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Position-Time Graphs

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Is your friend lying to you?
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How to make sure that what your friend claims is true

License: CC BY-NC 3.0

In using a measuring ruler just as the one shown above, you are able to measure how much someone walked. [Figure1]

In a position-time graph for constant velocity. the position changes by the same amount in every time interval. This means that if you were to start out at 0 meters and by 1 second, you are at 1 meter, then you would increase by 1 meter every second onwards. On a graph, it means that the graph would have the same slope throughout (a linear function).

For example, your friend walks to school everyday and claim that he is always walking at the same speed. You, however, are extremely skeptical of everything. One day, you decided to walk with your friend to school carrying a ruler, a pen, and a stopwatch. Every five seconds, you would mark off the start and end positions of your friend and measure the distance.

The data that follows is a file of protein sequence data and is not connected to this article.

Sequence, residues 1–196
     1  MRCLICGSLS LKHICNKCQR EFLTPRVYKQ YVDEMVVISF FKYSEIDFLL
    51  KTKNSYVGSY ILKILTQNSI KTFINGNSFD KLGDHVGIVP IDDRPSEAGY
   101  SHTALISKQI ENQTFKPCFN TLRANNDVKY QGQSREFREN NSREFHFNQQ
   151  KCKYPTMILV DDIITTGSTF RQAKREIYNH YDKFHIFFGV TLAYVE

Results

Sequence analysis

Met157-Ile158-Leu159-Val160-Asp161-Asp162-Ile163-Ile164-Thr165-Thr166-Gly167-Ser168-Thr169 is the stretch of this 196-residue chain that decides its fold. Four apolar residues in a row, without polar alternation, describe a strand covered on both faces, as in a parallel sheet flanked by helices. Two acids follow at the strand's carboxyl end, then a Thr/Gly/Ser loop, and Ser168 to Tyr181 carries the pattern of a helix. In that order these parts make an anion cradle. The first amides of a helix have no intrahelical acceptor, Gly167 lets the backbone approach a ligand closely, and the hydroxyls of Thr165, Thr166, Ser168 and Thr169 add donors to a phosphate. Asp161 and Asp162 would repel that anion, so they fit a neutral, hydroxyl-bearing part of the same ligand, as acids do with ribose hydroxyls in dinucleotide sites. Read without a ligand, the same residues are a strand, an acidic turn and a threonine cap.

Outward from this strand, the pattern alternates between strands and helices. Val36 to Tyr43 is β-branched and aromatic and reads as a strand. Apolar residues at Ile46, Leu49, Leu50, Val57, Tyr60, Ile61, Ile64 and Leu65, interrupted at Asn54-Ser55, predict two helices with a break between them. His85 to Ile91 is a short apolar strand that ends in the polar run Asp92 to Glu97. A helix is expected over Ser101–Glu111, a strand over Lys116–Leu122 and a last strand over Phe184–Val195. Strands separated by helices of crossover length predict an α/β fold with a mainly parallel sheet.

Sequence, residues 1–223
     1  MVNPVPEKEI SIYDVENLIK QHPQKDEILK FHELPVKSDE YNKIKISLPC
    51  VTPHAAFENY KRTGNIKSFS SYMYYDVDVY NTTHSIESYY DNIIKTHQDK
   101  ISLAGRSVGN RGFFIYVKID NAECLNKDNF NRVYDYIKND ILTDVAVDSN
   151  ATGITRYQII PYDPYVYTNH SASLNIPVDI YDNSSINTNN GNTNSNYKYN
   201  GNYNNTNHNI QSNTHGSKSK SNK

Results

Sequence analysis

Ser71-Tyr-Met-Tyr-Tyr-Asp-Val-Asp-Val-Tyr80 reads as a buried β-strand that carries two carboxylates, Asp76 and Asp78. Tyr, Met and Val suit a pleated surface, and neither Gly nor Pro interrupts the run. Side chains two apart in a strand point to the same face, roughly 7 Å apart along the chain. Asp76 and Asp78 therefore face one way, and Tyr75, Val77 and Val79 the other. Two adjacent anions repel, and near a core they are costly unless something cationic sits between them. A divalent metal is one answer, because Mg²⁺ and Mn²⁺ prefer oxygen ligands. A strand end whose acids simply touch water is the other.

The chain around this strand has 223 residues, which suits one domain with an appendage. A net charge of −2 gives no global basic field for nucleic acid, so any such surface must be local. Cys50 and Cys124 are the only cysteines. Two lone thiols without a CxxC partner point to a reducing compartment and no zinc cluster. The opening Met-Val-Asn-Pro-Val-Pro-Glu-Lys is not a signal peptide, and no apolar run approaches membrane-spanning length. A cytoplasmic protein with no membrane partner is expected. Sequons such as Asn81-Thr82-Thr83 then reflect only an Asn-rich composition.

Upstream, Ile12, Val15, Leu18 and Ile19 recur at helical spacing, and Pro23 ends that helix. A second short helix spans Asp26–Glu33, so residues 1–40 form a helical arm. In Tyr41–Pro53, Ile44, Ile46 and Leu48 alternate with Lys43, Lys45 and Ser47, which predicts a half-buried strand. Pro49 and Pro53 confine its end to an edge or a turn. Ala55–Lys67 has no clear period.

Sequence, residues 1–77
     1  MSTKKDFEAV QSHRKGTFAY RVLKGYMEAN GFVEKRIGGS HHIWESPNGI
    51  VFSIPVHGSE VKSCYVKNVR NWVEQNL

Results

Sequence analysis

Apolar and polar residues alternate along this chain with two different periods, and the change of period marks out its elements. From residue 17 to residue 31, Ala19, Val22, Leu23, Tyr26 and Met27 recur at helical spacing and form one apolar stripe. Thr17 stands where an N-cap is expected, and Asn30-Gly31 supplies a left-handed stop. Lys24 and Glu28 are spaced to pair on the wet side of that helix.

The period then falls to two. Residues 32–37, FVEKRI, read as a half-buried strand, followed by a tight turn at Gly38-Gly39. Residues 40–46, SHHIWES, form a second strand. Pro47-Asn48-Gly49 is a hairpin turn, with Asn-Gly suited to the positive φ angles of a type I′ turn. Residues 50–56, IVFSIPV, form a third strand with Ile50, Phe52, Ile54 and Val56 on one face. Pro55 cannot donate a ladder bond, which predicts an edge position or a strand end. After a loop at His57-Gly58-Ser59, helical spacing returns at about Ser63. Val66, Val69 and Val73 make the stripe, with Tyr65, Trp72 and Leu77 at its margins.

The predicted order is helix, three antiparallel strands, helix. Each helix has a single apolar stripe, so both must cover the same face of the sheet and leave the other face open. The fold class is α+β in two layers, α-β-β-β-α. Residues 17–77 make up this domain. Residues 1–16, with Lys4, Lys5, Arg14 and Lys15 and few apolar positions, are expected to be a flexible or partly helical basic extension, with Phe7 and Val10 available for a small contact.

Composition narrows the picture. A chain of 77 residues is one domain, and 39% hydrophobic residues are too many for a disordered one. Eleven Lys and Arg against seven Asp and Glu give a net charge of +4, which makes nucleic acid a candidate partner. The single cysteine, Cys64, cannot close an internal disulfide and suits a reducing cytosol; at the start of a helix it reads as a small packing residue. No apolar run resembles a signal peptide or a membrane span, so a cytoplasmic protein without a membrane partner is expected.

Creative Applications

1. What must be true about the data (not the graph) in order to show that your friend actually does walk at the same speed all the way to school?

2. What must be true about the graph in order to show that your friend actually does walk at the same speed all the way to school?

3. Let’s say that from your graph, you see curves going up and down. What conclusion would you make and what would you say to your friend?

Image Attributions

  1. [1]^ License: CC BY-NC 3.0

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